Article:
It is clear from these few extracts that we are in the presence of a confident and original thinker. Heraclitus has been called, not without reason, "the first mental philosopher." His "Word" is something different from "inquiry." Mere knowledge is not enough for him. He claims to be able to see into the nature of things and to have discovered a universal law, something that is "common," so long as one is "awake." This law is, for the first time, connected with man's own nature ("I sought for myself") and also with something which Heraclitus calls "God." (Fragments 98, 99 are a neat answer to Xenophanes.) Here he seems to reject both the easy pantheism of Xenophanes and the mysticism of "the religious revival" as exemplified by Pythagoras. His "Word" is neither purely theoretical nor a form of expiation or otherworldliness. It is very definitely "engaged." It is not "the Word" of St. John, but it is nearer to this than are the mathematical or magic symbols of the Pythagoreans.

There is without doubt a peculiar grandeur about his vision of the world and, though it is expressed enigmat-ically enough, it has influenced and stimulated thinkers and poets from his day to our own. For this reason Heraclitus is perhaps all the more difficult to understand. It is likely, for instance, to confuse rather than to enlighten us if we try to explain the dictum "Hades and Dionysus are the same" by imagining that Heraclitus was interested in the same " considerations as those of Blake when he wrote "The Marriage of Heaven and Hell." We shall be on safer ground if we proceed rather more historically and assume that Heraclitus must certainly have begun to think about the problems which had been raised by earlier thinkers, in particular the thinkers of Miletus. He too must have begun by asking himself what is the fundamental "stuff" of which everything is made. He too was looking for the unity be-hind variety and change.

His originality is in coming to the conclusion that the unity is variety, that what is fundamental is not a "stuff" but a process. The images he gives of this process are those of a river or of a flame. Of these things it is possible to say both that they do and they do not persist. One cannot step into the same river twice, yet it remains a river. Nothing exists statically. There is no "stuff." Yet the process, or movement, of existence continues forever and identifiable shapes are visible in the stream or flame.

This is a different way of looking at things altogether from that of the Milesians. Anaximander certainly speaks of an "eternal motion" and explains change by the "reparation" which things make to each other for their "injustice." But he and the others are always thinking of some underlying "stuff" (even if it is called "the unlimited") which is in motion. If there were no motion, the "stuff" would still be there, though in an undifferentiated state. Heraclitus, on the other hand, as is made quite clear by fragment 43, believes that without motion, or "strife," nothing would exist at all. So far from accepting Anaximander's view of "reparation" and "justice," he proclaims (fragment 62) that "strife is justice."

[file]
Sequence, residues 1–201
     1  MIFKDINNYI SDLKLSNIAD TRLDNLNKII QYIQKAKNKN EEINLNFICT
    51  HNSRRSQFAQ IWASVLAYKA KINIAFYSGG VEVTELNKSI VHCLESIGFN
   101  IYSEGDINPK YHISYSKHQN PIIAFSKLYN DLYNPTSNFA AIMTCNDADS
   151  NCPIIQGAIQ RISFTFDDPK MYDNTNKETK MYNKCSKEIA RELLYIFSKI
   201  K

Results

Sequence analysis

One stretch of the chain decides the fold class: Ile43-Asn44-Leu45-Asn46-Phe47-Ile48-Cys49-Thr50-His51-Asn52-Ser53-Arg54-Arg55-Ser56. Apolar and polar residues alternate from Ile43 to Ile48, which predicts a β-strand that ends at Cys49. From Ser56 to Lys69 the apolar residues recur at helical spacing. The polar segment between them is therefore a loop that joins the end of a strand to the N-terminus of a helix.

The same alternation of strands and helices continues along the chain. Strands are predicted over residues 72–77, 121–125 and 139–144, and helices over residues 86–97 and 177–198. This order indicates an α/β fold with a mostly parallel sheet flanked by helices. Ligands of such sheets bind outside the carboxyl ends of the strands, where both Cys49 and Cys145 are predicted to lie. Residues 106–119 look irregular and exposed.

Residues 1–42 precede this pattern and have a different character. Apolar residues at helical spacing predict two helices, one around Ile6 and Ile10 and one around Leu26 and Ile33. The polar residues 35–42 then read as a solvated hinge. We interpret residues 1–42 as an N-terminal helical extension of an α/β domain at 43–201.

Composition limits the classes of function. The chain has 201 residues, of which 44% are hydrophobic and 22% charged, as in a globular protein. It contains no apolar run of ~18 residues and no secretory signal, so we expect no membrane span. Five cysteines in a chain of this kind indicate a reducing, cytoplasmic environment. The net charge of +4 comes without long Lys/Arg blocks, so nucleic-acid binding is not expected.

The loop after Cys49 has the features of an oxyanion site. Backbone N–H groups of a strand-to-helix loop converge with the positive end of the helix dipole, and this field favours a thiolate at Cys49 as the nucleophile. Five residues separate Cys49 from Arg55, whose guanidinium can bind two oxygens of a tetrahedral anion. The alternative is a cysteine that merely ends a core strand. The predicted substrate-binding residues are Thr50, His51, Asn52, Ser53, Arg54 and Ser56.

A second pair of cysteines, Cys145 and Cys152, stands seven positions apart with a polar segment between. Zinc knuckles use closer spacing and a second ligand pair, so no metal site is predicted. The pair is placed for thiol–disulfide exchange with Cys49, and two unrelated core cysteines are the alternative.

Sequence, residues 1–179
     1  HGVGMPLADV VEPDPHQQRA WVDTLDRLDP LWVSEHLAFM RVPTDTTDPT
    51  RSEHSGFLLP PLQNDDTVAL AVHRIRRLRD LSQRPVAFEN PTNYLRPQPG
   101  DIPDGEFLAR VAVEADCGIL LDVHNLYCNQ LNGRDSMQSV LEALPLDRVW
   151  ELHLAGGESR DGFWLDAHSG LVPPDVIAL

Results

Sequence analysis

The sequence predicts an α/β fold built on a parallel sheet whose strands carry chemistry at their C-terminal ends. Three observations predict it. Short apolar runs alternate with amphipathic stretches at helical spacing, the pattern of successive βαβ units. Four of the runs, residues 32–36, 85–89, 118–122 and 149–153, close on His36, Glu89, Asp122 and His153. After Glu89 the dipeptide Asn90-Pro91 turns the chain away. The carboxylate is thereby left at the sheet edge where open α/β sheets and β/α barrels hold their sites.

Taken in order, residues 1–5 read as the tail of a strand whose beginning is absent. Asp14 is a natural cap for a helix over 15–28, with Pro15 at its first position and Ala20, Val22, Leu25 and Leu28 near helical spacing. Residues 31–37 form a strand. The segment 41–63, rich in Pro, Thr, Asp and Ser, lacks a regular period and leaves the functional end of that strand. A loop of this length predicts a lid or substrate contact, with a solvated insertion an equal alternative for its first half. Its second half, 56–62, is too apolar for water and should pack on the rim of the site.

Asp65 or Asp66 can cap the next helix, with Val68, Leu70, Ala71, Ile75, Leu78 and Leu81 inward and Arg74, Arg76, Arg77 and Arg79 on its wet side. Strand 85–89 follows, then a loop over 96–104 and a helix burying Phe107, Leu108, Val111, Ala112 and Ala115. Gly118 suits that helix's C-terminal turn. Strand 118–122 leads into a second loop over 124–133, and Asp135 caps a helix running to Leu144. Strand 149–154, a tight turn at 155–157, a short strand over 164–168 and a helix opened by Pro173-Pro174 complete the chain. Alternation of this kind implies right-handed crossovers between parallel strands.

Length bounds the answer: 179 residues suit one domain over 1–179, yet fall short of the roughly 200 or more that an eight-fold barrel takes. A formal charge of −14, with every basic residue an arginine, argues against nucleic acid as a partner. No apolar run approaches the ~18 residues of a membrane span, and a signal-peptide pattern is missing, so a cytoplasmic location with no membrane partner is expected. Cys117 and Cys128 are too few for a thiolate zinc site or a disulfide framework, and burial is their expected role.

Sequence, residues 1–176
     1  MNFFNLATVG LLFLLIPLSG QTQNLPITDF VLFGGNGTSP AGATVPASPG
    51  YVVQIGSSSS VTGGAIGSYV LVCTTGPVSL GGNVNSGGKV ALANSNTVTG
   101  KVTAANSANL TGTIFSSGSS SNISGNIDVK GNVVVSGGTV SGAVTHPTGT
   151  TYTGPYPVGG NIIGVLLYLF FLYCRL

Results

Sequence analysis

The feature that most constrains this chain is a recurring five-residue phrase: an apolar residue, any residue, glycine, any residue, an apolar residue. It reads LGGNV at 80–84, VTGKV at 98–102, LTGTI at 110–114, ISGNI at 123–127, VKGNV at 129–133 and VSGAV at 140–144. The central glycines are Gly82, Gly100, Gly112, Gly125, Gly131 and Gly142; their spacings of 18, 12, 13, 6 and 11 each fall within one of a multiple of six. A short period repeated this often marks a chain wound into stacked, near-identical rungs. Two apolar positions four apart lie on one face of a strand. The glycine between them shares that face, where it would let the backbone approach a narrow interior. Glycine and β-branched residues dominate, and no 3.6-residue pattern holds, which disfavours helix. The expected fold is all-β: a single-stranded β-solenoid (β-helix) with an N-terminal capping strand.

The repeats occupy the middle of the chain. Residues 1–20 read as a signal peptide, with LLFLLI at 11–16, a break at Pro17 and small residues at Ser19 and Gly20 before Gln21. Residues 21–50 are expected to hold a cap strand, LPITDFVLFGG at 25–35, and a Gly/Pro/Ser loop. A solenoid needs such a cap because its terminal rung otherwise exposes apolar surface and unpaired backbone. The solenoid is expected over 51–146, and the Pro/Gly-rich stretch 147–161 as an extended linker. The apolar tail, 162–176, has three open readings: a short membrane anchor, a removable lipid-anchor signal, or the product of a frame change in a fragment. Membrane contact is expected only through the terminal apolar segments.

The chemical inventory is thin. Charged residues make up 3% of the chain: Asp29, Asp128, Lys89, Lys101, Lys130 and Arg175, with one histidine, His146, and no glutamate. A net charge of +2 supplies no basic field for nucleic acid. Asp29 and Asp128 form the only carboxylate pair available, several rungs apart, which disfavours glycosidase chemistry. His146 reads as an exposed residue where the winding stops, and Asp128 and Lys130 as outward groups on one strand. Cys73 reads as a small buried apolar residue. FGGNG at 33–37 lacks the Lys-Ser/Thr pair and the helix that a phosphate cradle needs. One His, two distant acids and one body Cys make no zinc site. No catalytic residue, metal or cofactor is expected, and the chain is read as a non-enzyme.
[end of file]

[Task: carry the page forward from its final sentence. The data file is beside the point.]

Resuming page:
His fire, therefore, cannot be understood in at all the same way as the water or air of the others. True that he uses some phrases which recall the "scientific" preoccupations of the Milesians. His fire has its intake and its outgiving; it has to change into earth and water and then change back again into itself. But these detailed explanations are insignificant compared with his grand idea of the universe as subsisting not on any kind of "stuff" or material, but on motion or on "an attunement of opposite tensions." As we have seen, he believes that man too is part of the general law of the universe. The state of man depends on tension and the right mixture of opposites.

One may find, of course, some kind of analogy in modern science, which regards matter as involving incessant motion and energy for its very existence. (Even "the one" if the atom is "many.") And there are other analogies , with some modern philosophical theories, e.g., the theory of Russell that a "thing" is really "a class of events" — an idea explicitly intended by Russell to eliminate the notion of substance. But it is impossible to say to what extent Heraclitus thought and argued at all in the same way as a modern scientist or philosopher. Again it should be said that the distinctions between science, philosophy and religion could scarcely have been present to his mind. "Dark" indeed he is. No doubt he would have considered it natural that his "darkness" has been the source of so much illumination. He had not discovered "the Law of Contradiction" (that was the achievement of Parmenides); he declared however that such a law cannot aptly be applied to a consideration of the universe or of the soul.